1. Boil the water (so it is 80 degrees when you pour it over the coffee)
2. Grind the coffee, slightly finer than filter grind (20 grams)
3. Aeropress upside down and soak the filter paper with hot water
4. Put in the coffee and pour the 80 degrees water over it, almost to the top.
5. Stir for 10-12 seconds
6. Heat the cup, and then slowly push the coffee in the cup – stop before you hear the air.
Aeropress up side down
18 grams of coffee ground a little coarser than filter (3,25 in the Brew Bar)
230 grams of 75 degrees celsius water provided in the Brew Bar !
Start the timer
Pour water nice and easy with a Hario twisting the Aeropress
Stir gently for 10 sec make sure to get all the way to the bottom
Clean the paper filter with water
After 1.15 min turn and press – gently for approx 30 sec.
Stop pressing when water surface is broken by the coffee grounds
Stir the coffee up and down with a spoon
Serve the 2 dl. to the judges and enjoy the little left overs yourself
Grind : One bit finer then filter. On Ditting : 4.
Water serving temperature : tough one. We trained at 80, but then competed in the finals at 82°C. Jeff thought the roast was very fresh and needed 85, but I thought that was dangerous. He went for something in the middle.
Volume of coffee : 20 grams. A classic cut for us; a lot for a 20cl drink maybe.
Then the brewing :
Before the actual brew we decided to make a blind press to heat up the plastic of the press, the cup and rinse the paper filter.
We first take the filter and filter holder off and reverse the press. 20 grams is ground in a stainless steel cup (this is non static, except for the lightest of ground!!) and we use a funnel to keep things clean.
As pouring device we went for the Buono Kettle. This allows you to pour slowly and, this way, control the blooming. We often see an uncontrolled blooming while pouring too much water too fast.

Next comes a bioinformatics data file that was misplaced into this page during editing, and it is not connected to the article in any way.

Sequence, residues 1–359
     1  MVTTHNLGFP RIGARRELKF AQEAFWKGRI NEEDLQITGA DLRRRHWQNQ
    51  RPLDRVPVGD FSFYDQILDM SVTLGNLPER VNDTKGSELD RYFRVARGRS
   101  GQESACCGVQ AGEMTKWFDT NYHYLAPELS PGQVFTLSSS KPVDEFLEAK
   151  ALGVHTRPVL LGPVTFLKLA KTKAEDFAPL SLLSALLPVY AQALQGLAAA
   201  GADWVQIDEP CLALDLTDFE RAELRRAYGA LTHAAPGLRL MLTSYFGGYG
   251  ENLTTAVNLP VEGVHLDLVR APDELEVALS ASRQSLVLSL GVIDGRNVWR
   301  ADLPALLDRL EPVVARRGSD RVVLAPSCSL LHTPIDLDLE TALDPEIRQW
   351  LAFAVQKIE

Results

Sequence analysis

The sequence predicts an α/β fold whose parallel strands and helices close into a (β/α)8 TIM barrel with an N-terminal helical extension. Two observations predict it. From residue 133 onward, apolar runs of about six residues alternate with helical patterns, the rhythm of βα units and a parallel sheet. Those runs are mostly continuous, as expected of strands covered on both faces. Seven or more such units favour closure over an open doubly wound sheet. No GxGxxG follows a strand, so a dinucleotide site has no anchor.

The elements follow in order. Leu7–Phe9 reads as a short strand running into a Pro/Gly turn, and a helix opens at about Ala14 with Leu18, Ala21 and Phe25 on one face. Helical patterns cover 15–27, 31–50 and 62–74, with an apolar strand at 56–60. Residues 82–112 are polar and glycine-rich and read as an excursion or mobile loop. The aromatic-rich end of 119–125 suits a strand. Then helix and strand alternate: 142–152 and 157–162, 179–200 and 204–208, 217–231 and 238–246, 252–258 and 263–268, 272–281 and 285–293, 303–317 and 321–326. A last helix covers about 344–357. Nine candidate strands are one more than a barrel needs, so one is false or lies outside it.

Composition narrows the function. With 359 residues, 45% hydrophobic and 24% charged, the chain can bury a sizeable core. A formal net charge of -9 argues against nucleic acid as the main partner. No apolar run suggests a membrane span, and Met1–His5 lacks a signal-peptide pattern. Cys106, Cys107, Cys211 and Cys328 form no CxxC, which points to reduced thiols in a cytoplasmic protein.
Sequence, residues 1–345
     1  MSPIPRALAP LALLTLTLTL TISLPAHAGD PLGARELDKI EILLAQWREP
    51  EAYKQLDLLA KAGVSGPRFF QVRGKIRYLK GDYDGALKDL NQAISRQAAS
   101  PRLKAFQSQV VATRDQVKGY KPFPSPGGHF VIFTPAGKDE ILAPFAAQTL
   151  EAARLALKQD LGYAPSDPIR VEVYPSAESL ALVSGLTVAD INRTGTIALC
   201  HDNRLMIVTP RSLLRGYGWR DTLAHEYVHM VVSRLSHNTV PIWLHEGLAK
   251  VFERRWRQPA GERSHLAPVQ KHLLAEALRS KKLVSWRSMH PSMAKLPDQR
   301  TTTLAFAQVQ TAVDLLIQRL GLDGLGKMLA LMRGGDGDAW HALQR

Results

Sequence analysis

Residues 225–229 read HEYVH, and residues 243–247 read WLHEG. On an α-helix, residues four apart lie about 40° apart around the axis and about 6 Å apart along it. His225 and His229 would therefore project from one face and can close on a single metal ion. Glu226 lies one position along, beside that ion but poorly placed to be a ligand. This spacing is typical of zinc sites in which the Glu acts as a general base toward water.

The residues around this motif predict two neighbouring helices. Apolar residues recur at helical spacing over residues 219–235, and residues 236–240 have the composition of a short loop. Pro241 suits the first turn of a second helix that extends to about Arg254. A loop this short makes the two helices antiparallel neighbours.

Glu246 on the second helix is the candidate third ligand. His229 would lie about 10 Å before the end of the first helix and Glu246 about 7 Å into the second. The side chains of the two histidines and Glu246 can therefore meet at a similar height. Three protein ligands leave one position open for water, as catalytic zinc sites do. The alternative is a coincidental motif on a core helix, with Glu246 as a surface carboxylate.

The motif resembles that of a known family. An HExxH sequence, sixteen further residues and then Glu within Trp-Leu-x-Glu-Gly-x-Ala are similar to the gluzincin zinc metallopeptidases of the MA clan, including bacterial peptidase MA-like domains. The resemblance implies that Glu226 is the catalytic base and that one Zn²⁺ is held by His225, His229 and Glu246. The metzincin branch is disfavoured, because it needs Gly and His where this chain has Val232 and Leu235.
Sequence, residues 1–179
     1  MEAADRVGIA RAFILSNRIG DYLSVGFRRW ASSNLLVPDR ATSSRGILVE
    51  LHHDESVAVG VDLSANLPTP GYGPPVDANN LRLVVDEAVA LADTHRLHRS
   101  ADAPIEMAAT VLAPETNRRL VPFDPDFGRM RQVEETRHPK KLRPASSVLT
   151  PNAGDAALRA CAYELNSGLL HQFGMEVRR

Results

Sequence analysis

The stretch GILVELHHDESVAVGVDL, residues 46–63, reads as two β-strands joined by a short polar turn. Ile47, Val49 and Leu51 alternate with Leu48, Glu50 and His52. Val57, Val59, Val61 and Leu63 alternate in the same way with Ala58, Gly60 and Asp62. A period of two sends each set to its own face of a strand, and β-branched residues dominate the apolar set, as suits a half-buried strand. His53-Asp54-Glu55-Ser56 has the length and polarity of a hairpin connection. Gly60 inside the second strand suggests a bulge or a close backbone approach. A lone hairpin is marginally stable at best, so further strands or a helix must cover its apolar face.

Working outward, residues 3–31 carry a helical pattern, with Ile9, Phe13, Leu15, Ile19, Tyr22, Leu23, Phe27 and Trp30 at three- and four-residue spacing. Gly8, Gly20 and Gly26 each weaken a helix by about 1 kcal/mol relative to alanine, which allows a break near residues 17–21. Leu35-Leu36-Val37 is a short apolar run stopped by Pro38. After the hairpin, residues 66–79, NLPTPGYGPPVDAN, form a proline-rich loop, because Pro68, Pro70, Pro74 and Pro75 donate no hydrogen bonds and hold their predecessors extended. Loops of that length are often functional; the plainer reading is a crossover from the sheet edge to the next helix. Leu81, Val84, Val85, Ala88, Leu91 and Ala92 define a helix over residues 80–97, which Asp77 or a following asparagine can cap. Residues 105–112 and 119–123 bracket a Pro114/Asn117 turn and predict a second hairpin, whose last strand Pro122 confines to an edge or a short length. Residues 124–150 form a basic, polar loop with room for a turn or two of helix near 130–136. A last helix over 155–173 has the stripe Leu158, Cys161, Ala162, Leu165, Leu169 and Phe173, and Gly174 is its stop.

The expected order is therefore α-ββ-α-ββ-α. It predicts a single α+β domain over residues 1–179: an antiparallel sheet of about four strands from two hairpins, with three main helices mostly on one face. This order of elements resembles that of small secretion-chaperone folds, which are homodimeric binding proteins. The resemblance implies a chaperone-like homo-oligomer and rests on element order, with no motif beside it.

We pour the water very slow and keep on rotating the base to make sure all coffee grounds brews well. This takes about 30 seconds.
We screw on the filter and wait 60 seconds. By this time all coffee is well agitated and it’s time to turn things into pressing position.
We go now for a very slow press.
After almost (another) 60 seconds we stop just before or just on the moment of the hissing sound. The last bit of water is very oily and bitter.
Get rid of the Aeropress and serve your cup.
For a clean cup, pick up all the different coffee filters you could find in a store. Bring them to a cupping table, and figure out which one that leaves as little paper taste as possible to the water.
My choice was a norwegian brand called ‘Kieldsberg’. And little oversized to cover the side holes on the filter cap.
I also used a Norwegian water called Imsdal. This is a water low on mineral and soft in the mouthfeel.
1. Bring the Imsdal water to the boil, then let it rest. Doing this makes the calcium levels in the water to decrease a little, for an even softer and juicier mouthfeel. (Don’t know if that really happens, at least somebody told me it did. It’s the result in the cup that matters).